Aside from being an antioxidant, NAC promotes detoxification and serves as a precursor for glutathione (meaning that it stimulates its production), which is one of the most important naturally occurring antioxidants.

For this reason, NAC has been considered as a potential treatment option for diseases characterized by chronic inflammation, such as endometriosis.

Dosage and safety

N-acetyl cysteine (NAC) is available to purchase over-the-counter as a dietary supplement.

The typical dose is 600–1,200 mg per day, but consider talking with a healthcare professional before using NAC to be sure that you’re taking a safe dose and that no medicines you take interact negatively with it.

For most people, side effects are uncommon and usually very mild.

NAC hasn’t been well-studied in children age 12 and under, so check in with a provider before giving NAC to a child in your care.

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Medical therapy for endometriosis centers on improving quality of life through pain control, prevention of disease recurrence, preserving fertility, and delaying or avoiding the need for surgery.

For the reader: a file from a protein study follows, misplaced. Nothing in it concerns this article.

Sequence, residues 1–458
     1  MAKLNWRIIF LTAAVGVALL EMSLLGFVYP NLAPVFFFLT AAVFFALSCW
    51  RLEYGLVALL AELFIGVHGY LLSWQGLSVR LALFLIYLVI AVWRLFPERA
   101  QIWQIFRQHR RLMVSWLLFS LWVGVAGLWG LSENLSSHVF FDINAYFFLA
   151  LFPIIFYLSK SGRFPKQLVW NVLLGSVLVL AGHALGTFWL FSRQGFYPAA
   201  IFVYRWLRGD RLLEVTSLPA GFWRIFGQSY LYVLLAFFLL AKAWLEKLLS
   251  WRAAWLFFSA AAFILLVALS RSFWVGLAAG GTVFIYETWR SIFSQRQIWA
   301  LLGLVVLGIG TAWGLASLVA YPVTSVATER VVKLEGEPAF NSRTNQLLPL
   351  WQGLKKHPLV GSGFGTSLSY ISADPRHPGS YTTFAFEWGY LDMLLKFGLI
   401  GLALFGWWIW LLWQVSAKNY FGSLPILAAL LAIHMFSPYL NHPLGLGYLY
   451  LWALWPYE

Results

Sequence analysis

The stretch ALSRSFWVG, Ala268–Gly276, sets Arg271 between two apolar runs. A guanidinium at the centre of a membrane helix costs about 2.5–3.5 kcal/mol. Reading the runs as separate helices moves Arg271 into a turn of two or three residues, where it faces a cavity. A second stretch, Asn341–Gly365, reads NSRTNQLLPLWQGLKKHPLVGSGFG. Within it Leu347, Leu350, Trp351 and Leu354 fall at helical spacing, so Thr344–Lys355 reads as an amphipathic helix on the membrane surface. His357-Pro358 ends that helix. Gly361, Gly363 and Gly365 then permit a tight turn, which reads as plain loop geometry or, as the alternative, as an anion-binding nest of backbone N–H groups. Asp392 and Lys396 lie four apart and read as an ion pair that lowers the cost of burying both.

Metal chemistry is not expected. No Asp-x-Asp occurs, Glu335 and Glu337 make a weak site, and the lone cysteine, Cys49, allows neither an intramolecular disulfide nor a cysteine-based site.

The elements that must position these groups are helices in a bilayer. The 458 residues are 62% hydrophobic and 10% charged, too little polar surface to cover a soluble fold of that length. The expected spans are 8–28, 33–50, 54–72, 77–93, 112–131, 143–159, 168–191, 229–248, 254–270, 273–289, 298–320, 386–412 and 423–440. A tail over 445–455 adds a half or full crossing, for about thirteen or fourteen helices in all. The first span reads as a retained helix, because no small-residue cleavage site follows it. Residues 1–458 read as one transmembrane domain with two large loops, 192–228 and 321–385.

As mentioned before, current treatments for endometriosis include:

  • Hormonal therapy: focused on managing endometriosis-related pelvic pain by suppressing estrogen production, which inhibits ovulation, menstruation, and reduces inflammation.
  • Surgery: aimed at removing out-of-place endometrial tissue, also known as cysts or lesions.
  • In vitro fertilization: used to help people conceive if their fertility has been affected.

Nevertheless, both current and older research suggests that NAC has the potential to be a non-hormonal alternative to typical treatments for endometriosis, with the advantages of preserving fertility and causing virtually no negative side effects.

Here’s how NAC may help with endometriosis symptoms, according to research:

NAC may reduce inflammation, a cause of endometriosis pain